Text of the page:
Corn saw a late start, but can it score enough planted acres in May to match crop expectations? Jerry Gulke shares his thoughts.
Cool, wet weather and slow planting progress continues to be the talk of the marketplace. As of April 27, USDA estimates that 19% of the U.S. corn crop is planted, behind the five-year average of 28%.
But despite rain, thunderstorms and unseasonably cold temperatures being forecast across the middle of the country last week, farmers in some states made some suprising planting progress. Illinois, for instance, jumped to 32% planted, up from just 5% the week before and putting it just shy of the five-year average of 33%. Kansas and Missouri are both ahead of their five-year averages, at 37% and 47% respectively. And Iowa jumped from 2% planted a week ago to 15% planted this past week—significant progress but still behind the 33% five-year average.
"It's a tale of two different worlds that we see here in the middle of the United States; as we progress further north, it gets worse," says Jerry Gulke, president of The Gulke Group.
While Gulke is confident that the Corn Belt will plant the acreage it intended, he thinks there could be a loss of corn acres in the northern states.
"It's a crapshoot this time of the year weather-wise, but you can't argue with the fact that the ground temperatures are cool," Gulke says.
USDA's estimates tell the story. Michigan and Wisconsin: 1% planted. Minnesota and Ohio: 4% planted. South Dakota is 11% planted, but North Dakota still hasn't gotten any corn in the ground. And with more rain and cool temperatures in the forecast, prospects for making much progress this week look slim.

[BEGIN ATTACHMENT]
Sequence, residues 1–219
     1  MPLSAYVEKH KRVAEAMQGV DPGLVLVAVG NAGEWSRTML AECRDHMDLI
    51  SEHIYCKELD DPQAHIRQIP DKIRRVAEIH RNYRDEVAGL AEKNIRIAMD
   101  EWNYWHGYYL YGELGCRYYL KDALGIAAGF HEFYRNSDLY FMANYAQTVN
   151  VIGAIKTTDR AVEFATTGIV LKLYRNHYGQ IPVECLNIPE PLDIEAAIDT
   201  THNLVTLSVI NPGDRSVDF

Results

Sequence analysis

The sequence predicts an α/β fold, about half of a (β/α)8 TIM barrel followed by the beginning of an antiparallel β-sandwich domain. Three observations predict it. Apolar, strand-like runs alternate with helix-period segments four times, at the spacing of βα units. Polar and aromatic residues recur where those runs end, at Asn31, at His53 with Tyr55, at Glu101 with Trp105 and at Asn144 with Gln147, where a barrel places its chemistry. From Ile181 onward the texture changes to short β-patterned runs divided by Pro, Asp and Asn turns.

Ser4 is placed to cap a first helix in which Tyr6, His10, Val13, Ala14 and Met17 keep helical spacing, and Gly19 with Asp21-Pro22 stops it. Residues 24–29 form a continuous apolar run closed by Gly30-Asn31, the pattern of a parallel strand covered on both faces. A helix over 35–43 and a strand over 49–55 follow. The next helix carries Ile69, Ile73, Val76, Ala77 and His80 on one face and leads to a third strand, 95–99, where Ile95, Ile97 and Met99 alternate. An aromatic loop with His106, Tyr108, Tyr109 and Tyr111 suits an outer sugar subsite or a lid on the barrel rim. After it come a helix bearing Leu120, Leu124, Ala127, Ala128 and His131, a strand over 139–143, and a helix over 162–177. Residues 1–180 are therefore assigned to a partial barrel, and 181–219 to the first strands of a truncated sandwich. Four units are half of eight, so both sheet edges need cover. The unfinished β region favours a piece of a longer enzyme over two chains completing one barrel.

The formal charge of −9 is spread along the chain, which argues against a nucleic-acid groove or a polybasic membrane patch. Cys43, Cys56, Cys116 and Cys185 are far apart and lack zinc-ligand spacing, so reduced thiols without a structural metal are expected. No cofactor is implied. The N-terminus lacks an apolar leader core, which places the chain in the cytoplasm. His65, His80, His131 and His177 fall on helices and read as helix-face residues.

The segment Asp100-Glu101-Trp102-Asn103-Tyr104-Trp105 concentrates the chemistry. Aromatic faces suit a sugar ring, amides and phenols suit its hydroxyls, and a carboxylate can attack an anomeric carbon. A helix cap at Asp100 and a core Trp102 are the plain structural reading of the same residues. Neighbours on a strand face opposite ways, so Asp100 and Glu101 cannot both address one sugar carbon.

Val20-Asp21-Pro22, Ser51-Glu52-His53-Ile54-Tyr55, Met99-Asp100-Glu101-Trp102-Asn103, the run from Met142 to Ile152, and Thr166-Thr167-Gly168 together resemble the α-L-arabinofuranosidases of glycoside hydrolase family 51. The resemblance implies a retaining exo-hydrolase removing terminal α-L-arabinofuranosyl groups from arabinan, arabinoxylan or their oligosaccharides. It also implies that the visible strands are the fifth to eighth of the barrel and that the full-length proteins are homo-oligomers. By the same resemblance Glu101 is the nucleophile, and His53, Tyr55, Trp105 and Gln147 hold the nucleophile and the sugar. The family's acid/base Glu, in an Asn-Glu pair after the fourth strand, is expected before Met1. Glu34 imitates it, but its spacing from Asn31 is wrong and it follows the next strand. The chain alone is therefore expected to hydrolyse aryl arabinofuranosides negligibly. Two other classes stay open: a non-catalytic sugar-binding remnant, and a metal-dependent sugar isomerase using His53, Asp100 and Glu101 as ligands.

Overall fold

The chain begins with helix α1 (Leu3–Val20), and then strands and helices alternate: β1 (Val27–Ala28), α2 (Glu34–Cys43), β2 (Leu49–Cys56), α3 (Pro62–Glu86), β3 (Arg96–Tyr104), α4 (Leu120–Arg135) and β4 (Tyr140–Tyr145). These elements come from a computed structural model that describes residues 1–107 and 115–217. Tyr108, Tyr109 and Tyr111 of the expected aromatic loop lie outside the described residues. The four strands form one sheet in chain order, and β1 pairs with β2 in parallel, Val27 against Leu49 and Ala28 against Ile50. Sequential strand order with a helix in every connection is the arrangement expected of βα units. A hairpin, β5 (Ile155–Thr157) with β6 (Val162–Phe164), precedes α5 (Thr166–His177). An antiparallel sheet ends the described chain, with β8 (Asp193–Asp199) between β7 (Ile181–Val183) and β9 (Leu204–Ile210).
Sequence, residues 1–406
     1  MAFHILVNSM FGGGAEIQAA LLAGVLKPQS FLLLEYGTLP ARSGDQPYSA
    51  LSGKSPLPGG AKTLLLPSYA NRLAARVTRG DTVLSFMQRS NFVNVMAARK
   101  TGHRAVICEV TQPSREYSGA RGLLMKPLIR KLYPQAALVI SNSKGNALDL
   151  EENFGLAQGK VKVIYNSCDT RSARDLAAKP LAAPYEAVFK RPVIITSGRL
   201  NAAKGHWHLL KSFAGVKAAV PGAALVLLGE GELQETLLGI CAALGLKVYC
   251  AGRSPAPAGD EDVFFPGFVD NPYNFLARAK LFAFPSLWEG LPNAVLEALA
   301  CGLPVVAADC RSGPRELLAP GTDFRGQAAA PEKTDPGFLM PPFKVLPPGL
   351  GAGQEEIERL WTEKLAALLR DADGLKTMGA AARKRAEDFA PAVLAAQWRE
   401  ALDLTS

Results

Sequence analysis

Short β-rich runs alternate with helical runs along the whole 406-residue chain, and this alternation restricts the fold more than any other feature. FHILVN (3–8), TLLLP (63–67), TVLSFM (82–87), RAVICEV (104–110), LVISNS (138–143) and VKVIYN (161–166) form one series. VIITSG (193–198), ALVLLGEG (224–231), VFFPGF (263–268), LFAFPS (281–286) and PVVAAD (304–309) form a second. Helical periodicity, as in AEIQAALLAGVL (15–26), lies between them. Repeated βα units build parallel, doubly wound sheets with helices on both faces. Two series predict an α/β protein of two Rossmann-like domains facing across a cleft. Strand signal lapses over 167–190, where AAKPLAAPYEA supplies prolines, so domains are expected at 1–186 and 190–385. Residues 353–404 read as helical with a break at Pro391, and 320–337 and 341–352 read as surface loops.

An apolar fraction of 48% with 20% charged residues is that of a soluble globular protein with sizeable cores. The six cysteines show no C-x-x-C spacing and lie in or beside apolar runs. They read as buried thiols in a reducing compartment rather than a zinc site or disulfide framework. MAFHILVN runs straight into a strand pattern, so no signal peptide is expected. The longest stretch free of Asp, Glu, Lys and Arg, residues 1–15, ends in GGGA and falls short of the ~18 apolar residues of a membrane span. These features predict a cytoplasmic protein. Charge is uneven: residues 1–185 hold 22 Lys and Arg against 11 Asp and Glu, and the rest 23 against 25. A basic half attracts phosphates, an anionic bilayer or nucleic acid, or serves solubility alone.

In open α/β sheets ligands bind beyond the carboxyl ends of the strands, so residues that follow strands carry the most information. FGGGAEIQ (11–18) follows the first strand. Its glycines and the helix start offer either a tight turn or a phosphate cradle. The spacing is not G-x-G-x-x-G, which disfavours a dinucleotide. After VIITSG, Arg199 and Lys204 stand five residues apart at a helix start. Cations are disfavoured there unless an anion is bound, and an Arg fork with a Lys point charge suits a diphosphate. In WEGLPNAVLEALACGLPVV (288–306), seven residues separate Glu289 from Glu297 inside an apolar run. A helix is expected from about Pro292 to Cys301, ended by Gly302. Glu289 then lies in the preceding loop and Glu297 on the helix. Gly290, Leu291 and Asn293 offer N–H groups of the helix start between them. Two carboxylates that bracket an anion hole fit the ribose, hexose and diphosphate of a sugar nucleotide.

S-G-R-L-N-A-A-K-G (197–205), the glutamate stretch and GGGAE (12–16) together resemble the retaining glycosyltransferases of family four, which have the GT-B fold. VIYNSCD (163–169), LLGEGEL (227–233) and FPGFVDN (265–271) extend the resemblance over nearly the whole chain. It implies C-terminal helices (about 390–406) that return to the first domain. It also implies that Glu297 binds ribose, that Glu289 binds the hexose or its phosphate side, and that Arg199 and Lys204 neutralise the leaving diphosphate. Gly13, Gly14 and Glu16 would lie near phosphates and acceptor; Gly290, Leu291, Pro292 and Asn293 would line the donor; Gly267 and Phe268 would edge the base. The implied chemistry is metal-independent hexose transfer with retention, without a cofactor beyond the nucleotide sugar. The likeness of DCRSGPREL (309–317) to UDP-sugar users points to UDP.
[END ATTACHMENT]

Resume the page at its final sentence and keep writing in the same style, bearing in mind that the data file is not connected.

But that's not the reason why Gulke thinks corn acres in the north might be reduced.
"As we've learned, there's a lot of wet corn in the bins in North Dakota and South Dakota, and we talked all winter long about the lack of farmer selling," he says. "I think with the $1.18 basis for corn, a lot of them are saying , 'I don't know if I want to plant 100% corn again, because I've got a bunch of it left in there from last year.'"
"Even if prices go up $1, producers will still make money off their old crop instead of taking a chance on new-crop," he continues. "I would not be surprised if they reduce their corn acres up there by half a million acres when it's all said and done."
But again, it really all depends on Mother Nature.
"I think it's a foregone conclusion from the marketplace that we're going to get corn planted in the Corn Belt, as intended," Gulke says, "and then we'll see what happens in the Northern Plains and those fringe areas."
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